The historic buildings that make up Penn's campus core are among the institution's most precious resources. This high concentration of historic buildings demands the highest commitment of university stewardship and great sensitivity in the creation of new architecture. Making the upgrades necessary to meet the academic needs of today's students can be a challenge.
Activate the campus core with new residential development at the eastern and western ends of the campus.
A circle of student residences surrounding the campus core will provide round-the-clock vitality. New College Houses in Hamilton Village to the west and Hill Field to the east, along with privately developed housing on adjacent properties, such as the Left Bank apartments and other residential developments proposed to the north, will sustain a lively to-and-fro across the center of campus.
Invest in capital renewal and encourage rehabilitation and appropriate adaptive reuse of buildings and landscape.
While Penn has many architecturally significant buildings worthy of preservation or adaptive re-use, there are many undistinguished buildings. There is a need to develop sensitive re-use strategies for buildings to be preserved; identify interim uses for those buildings scheduled to go out of service, and plan for the obsolescence of less distinguished structures.
The University has committed significant resources to the landscape infrastructure, particularly in the historic pedestrian core. Preservation and maintenance of the pedestrian core landscape requires ongoing attention and care.
Enhance the vibrant and historically significant residential communities of University City.
The critical transition from the campus to the neighborhood (40th to 43rd streets) must be improved to create a permeable edge where the campus meets the community. Continued initiatives to improve University City housing and an enhanced corridor of retail activity could yield positive results for both Penn and the neighborhoods to the west.
Continue to improve residential infrastructure.
As new housing is provided for students on campus, more high-quality single family housing will become available to the west. Continued initiatives that encourage home ownership by faculty and staff will help foster more positive bonds with off-campus neighbors.
Facilitate opportunities for retail and entertainment.
New cultural, entertainment and appropriate retail initiative along Walnut and 40th streets will better serve the neighborhood and campus communities alike.
Connect Penn to Center City with appropriate urban development.
Despite the tremendous growth and revitalization of Center City in the last decade, and the direct connection of Center City to West Philadelphia via Market, Chestnut, Walnut and South streets, the perception remains that Penn is cut off from the City. Penn's most visible gateways to the east remain underdeveloped, with expanses of industrial land creating a perceived, if not actual, barrier.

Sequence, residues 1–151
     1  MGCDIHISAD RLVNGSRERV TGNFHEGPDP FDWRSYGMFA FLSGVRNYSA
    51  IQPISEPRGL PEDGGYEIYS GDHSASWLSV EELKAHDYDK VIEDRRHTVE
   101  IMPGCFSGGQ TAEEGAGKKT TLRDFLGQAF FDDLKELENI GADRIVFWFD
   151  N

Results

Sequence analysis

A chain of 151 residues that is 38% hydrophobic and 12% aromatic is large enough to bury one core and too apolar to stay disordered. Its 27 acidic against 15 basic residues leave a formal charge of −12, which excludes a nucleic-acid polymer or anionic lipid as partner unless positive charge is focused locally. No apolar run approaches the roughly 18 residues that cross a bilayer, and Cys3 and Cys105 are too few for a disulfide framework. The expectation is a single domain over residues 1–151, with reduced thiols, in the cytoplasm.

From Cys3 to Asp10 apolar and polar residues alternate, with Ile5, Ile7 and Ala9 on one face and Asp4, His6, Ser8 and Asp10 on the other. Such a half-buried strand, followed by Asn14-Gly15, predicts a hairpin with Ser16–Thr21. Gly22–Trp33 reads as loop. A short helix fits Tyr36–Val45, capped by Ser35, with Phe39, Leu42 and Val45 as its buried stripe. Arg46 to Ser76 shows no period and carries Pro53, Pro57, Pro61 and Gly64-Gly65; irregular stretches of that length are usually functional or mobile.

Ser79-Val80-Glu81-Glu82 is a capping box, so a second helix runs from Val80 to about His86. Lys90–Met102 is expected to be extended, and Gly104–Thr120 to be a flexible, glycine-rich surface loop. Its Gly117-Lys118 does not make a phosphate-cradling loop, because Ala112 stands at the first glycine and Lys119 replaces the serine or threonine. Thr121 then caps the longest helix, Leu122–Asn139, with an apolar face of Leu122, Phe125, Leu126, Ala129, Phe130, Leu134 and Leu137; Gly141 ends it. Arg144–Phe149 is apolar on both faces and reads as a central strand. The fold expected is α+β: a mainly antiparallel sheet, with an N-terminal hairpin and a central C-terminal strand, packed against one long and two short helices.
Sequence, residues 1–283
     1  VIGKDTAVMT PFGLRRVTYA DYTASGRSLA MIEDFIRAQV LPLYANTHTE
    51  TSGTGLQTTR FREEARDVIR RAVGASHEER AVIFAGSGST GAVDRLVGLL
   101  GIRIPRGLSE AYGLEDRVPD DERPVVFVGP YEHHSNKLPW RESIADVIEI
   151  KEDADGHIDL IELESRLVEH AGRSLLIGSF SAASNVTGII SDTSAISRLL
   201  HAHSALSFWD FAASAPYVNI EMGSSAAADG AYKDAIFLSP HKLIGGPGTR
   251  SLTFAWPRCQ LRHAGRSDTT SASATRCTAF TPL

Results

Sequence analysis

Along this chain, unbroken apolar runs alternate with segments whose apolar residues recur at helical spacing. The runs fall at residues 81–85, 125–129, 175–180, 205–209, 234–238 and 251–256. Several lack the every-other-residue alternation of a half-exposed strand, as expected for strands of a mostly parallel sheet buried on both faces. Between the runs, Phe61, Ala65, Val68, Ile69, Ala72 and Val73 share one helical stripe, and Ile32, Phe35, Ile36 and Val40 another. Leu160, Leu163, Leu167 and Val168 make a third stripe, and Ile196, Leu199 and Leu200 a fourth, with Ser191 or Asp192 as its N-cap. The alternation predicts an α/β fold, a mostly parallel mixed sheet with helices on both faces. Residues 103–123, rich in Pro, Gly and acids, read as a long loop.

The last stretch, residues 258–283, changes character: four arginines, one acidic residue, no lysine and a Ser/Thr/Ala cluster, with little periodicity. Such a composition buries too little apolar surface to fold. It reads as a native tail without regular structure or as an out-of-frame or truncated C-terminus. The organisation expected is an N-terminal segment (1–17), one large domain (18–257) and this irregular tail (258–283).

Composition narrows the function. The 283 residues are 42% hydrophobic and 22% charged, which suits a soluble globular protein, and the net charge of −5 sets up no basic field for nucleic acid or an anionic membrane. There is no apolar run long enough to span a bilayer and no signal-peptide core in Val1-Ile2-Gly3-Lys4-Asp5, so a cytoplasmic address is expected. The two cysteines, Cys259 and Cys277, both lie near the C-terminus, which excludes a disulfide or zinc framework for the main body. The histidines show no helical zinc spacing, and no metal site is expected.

This connective growth has already begun with the private development of the Left Bank apartments and Penn's relocation of the Facilities Services Division to the former GE building on Walnut Street.
In recent years, University City has promoted its wide variety of cultural and dining and academic programs to Center City residents and visitors. This is just one example of the many ways public-private partnerships and other collaborations can help to develop stronger ties to the community.
Identify opportunities for development to the east.
The University should seek appropriate partnerships and encourage development of the land that lies between its existing boundary and the Schuylkill River that is consistent with its vision and institutional objectives.
Universities grow to their fullest and highest potential when guided by sound, long-term strategic planning for excellence in both their academic mission and supporting physical environment. Those plans that succeed provide flexibility and can accommodate changes in society, the economy, and the institutions themselves. Success will be found in Penn's ability to support and express those ideals that make it unique within a dynamic and unpredictable future.
In creating a vision for the campus that supports the academic mission and the goals identified in the Agenda for Excellence, this plan enables the University to make informed decisions about future growth and development; enter into productive relationships across intellectual disciplines and diverse communities; and to seize opportunities to join with public, private and institutional partners in endeavors that allow Penn to follow its intellectual pathways into the future.
Across the campus, across the city and region, across the nation and world, Penn will secure its continued leadership as a premier academic institution through active stewardship of the Campus Development Plan.
Almanac, Vol. 47, No. 24, February 27, 2001